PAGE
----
That's only some of the issues I have with the underlying concept behind the game. I have issues with the Queen character too. I'm not sure why she would want an obnoxious individual to represent her. And I'm not sure why she also sends 2 trained soldiers who actually help him (and let's Jules' friend tag along? I had no idea she had some other skill the Queen was fond of, so this seemed out of the blue to me). Either she would have sent her own soldiers if it was important, or she would have had the soldiers follow, but not assist, in the event things went wrong. To me, it looks like these characters were sent to attempt to balance out the battles - which are a little punishing at the start; 80HP max and the enemies hit for over 50% of that? I actually died when I went outside for the first time and 3 birds just ate my party. At about level 4 or 5, these become more bearable, so I would suggest raising the initial level a little and perhaps only have the 2 soldiers jump in to assist at a very much needed moment instead of straight away. We are, after all, being tested for our aptitude.
Touching on the graphical aspects: there's a few areas that I think could do with some work. It's most aesthetic more than anything. One is that some of the auto tile shadows don't actually show up where they should. I know that this is an engine side issue with VX. However, you can combat it by either tying a picture to areas affected to simulate the auto tile effect. Alternative, create some custom graphics and use events to fill it in. The second issue is in proportions. There's a house in the main village in the north that looks very small on the outside but looks huge on the inside. This I don't have a problem with, as I've seen it a lot in many old titles. However, because you include a view of the outside world, you can see how you've scaled the size of the house vertically, but not horizontally.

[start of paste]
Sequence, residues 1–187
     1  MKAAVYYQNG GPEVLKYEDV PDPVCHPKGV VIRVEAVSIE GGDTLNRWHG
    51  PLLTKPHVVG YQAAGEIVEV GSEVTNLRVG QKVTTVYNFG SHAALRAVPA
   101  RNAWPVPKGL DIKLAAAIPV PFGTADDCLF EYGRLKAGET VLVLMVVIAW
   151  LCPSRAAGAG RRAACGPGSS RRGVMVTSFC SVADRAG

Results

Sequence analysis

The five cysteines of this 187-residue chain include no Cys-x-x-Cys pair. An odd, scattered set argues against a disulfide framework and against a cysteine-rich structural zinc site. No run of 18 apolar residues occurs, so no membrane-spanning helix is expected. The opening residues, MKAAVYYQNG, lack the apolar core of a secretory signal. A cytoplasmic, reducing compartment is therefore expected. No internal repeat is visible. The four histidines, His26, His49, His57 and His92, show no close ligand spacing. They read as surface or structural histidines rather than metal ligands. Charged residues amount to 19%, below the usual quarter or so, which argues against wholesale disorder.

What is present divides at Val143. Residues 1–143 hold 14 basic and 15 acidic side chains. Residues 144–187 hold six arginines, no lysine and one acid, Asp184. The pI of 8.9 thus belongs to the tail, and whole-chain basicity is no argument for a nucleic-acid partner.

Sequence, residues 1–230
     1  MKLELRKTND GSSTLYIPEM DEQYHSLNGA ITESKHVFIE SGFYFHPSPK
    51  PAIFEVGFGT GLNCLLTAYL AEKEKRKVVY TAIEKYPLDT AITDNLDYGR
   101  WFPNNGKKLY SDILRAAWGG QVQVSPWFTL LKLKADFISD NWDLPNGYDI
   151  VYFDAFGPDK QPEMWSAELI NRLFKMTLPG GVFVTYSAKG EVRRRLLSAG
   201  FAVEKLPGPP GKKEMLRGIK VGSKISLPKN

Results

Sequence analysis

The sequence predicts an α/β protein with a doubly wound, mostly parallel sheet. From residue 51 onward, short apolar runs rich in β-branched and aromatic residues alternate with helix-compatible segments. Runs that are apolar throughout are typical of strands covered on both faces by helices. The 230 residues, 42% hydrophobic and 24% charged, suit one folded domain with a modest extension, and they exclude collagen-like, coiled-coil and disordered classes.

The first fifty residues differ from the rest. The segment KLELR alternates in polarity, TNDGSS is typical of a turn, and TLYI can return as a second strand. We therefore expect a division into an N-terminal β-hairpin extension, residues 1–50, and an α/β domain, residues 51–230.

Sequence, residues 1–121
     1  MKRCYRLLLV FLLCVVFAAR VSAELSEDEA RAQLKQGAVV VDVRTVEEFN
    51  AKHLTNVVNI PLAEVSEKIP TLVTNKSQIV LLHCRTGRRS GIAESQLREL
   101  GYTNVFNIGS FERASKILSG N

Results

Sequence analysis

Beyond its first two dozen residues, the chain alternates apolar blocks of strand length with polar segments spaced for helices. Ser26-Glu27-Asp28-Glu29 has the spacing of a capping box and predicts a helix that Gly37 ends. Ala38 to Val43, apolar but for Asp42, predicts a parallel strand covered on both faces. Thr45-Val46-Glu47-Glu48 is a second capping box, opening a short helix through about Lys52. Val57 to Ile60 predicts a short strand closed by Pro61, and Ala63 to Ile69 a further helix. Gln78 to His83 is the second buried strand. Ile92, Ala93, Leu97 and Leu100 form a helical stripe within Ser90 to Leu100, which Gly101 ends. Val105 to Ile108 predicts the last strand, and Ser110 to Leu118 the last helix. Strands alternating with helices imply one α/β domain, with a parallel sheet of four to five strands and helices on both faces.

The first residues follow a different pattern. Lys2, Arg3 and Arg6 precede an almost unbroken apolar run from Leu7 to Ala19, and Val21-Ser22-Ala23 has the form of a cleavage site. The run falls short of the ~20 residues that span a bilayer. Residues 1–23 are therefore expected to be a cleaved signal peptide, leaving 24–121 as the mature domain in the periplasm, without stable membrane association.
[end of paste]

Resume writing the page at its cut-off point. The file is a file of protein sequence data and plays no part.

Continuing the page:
The obvious, final thing to note is that the characters really are too small. It actually made it uncomfortable to play. It looks as though the entire world was hit by dwarfism (no insult intended to people who have this condition) and they haven't gotten around to making their houses smaller. There was a scene in the intro where a person was out-sized by a cabbage.
I'm not a fan of whatever it is you are using to manage your BGMs. I had it crash on me mid battle and ended up with a looping sound playing over the other BGM. Not to mention it continued playing the BGM even after I shut down the game. I'm glad I figured out a way to shut it up quickly.
There's a few other things I noted, but I'll leave them out at the minute or I would go on for a while.
To close: after the one hour was up, I wasn't really interested in the story - whatever that actually was. I didn't see a reason to want to keep going, and I'd only keep going to offer more insight and to help with any bugs I'd find. Outside of testing it - in which my opinion on the game itself is very much irrelevant - I'm not too sure about it.
It's not the actual story itself, though, but rather the apparent randomness of events at the start that don't appear to offer much to the initial experience. Like I said earlier, those first 30 minutes are crucial in capturing the attention of the player. But even after an hour I wasn't captured. That very slow pacing is a bad thing for me. Once you've got the player, then you can begin to slow the pace down and drag them along for the ride.